After adding Exo, the growth of LO2 cells was significantly inhibited, which was concentration-dependent (Figure 4B). shGPC3-Exo has the same inhibitory effect on the proliferation of LO2 cells, but the inhibitory effect is weakened, compared with the addition of Exo. shGPC3-Exo also promoted the growth of HepG2 cells in a dose-dependent manner (Figure 4B). This indicated that GPC3 in HCC exosomes had an inhibitory effect on the growth of normal hepatocytes.
Flow cytometry analysis of Annexin V/PI staining showed that after treatment with 100 μg/mL Exo or shGPC3-Exo, the number of apoptosis of LO2 cells increased, and the effect of Exo group was more obvious than that of shGPC3-Exo group. The addition of shGPC3-Exo to HepG2 cells did not affect the number of apoptosis (Figure 4C). Later, in the detection of the effect of exosomes on the liver cell cycle, it was found that the percentage of the number of LO2 cells G0/G1 population increased after the addition of the two groups of exosomes, showing G0/G1 blockade. The percentage of the number of HepG2 cells in the G0/G1 population decreased after shGPC3-Exo was added (Figure 4D). This indicated that GPC3 in HepG2 cell exosomes can promote the apoptosis of LO2 cells, and may promote apoptosis by inhibiting the cell cycle of LO2 cells.
Then we used Transwell experiment to analyze the influence of liver cancer exosomes on the migration ability of normal liver cells and HCC cells. After adding Exo, the number of migrating cells in LO2 cells remained unchanged, while the number of migrating cells increased significantly after adding shGPC3-Exo. shGPC3-Exo significantly reduced the number of HepG2 cell migration. The results showed that the migration effect of HepG2 exosomes on normal cells was related to the dose of GPC3 (Figure 4E).
These data indicate that HCC cells can promote the apoptosis of normal hepatocytes, inhibit cell cycle and cell proliferation, and affect the invasion of normal hepatocytes through GPC3 in their exosomes; while GPC3 in HCC exosomes can increase cell cycle by promoting cell cycle. Proliferation of HCC cells.
GPC3 in liver cancer exosomes affects Wnt/β-catenin signaling pathway in HCC cells
Wnt/β-catenin signaling pathway plays an important role in promoting the proliferation and migration of HepG2 cells, and plays an important role in the occurrence, development and metastasis of liver cancer. It is an important molecular mechanism of liver cancer. Studies have shown that in liver cancer, GPC3 plays a role through the Wnt/β-catenin signaling pathway. The above experiments also showed that GPC3 in liver cancer exosomes affected the proliferation of normal liver cells.In the follow-up, we will investigate whether GPC3 in liver cancer exosomes also affects the proliferation of normal liver cells through the Wnt/β-catenin signaling pathway.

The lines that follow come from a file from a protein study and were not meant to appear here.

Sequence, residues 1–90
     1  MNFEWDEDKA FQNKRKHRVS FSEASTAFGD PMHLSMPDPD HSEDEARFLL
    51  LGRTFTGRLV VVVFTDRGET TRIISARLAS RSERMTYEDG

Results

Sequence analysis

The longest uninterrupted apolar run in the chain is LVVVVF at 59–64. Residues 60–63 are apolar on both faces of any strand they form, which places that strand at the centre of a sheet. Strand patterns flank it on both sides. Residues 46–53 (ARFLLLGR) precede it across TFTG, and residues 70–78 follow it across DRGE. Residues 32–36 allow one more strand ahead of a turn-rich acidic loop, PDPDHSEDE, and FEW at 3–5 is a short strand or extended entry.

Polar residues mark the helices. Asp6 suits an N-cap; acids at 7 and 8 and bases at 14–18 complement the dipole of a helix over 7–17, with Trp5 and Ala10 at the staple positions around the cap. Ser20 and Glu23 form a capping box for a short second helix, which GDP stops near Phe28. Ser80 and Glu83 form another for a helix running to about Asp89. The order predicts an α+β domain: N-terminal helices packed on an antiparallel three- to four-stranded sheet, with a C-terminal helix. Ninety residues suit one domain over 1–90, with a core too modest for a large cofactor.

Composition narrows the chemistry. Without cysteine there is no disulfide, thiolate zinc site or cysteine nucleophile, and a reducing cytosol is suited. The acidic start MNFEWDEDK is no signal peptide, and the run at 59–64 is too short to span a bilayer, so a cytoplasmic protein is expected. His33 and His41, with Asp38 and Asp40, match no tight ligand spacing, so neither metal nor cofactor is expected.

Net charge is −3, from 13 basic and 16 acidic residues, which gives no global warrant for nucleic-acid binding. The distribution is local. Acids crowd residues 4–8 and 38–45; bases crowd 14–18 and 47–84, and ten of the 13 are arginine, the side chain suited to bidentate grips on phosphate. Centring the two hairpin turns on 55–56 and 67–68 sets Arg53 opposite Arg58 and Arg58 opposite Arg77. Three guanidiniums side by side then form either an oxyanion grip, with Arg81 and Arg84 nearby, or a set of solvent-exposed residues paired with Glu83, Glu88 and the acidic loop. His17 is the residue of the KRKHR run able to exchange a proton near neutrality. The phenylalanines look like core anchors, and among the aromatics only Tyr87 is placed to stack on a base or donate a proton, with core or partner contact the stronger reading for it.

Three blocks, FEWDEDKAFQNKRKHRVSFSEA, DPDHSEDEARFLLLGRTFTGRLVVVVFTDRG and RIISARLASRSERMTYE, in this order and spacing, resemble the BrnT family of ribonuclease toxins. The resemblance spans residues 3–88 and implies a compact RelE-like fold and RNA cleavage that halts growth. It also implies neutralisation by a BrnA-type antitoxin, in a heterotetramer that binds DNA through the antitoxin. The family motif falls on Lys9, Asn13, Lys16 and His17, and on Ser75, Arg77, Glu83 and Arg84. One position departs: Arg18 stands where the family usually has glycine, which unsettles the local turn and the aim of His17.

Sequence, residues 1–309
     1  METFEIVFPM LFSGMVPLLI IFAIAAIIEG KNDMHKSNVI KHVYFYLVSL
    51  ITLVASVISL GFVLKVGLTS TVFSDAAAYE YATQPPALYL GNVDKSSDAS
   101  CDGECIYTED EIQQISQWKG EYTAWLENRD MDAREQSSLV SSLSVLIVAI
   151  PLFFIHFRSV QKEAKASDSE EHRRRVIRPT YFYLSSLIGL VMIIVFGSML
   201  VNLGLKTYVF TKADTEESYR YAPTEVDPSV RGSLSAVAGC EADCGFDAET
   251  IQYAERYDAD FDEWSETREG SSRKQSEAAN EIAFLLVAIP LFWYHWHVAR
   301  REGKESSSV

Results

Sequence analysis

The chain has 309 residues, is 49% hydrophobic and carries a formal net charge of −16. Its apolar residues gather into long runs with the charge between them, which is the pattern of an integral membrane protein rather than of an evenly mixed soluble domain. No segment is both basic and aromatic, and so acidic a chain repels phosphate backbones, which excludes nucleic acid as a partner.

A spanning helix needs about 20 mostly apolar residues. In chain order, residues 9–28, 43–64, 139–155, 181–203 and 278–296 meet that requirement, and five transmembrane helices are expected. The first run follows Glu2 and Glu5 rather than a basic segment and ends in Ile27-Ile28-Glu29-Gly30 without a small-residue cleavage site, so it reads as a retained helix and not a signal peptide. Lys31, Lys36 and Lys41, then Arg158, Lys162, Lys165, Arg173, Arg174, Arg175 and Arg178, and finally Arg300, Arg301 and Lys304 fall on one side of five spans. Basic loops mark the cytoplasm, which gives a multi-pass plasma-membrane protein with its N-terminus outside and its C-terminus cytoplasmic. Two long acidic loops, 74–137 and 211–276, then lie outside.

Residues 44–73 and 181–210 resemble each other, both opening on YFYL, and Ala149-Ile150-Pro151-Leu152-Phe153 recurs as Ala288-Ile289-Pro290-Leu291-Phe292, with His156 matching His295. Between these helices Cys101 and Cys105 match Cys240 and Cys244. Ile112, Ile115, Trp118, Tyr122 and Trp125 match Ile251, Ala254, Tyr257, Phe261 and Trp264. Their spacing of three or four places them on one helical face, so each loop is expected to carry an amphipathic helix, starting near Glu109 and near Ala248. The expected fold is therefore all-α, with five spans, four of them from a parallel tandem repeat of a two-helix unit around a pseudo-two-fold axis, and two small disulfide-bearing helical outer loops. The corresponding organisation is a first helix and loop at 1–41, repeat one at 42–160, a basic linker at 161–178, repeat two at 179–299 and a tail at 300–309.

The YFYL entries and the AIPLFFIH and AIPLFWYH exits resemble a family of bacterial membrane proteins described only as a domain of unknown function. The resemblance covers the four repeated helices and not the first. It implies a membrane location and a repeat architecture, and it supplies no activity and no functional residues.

First, compare the GPC3 and Wnt/β-catenin signaling pathways in hepatocytes and hepatocyte exosomes. Western blot results showed that the GPC3 content of LO2 cell exosomes was significantly less than that in the cells, and the expression of Wnt3a and β-catenin protein was uniformly reduced; and the GPC3, Wnt3a and β-catenin protein content of HepG2 exosomes were also less than that of HepG2 The content in cells (Figure 5A, B).
Later, it was found in further studies that the GPC3 content in LO2 cells increased significantly after GPC3 treatment, while Wnt3a and β-catenin protein increased; after Exo was added, the GPC3, Wnt3a and β-catenin protein content in LO2 cells also increased significantly. After shGPC3-Exo, the contents of GPC3, Wnt3a and β-catenin were increased compared with the control group LO2 cells, but the protein content was lower than that of Exo (Figure 5C, D). It showed that GPC3 in HepG2 cell exosomes increased GPC3, Wnt3a and β-catenin protein content in LO2 cells. In the study of HepG2 cells, it was found that after knocking down the GPC3 in the cells, as the GPC3 in the cells decreased significantly, the content of Wnt3a and β-catenin protein decreased;After adding GPC3 to HepG2 cell culture, it was found that the content of GPC3 and β-catenin protein increased significantly, and the content of Wnt3a also increased (Figure 5C, D). After adding shGPC3-Exo, the contents of GPC3, Wnt3a and β-catenin in HepG2 cells increased compared with the control group.
The results of these studies indicate that the levels of GPC3 and Wnt/β-catenin signaling protein in normal liver cells are significantly lower than those in liver cancer cells. GPC3 in liver cancer cell exosomes can activate Wnt/β-catenin signaling pathway by increasing GPC3 in normal liver cells.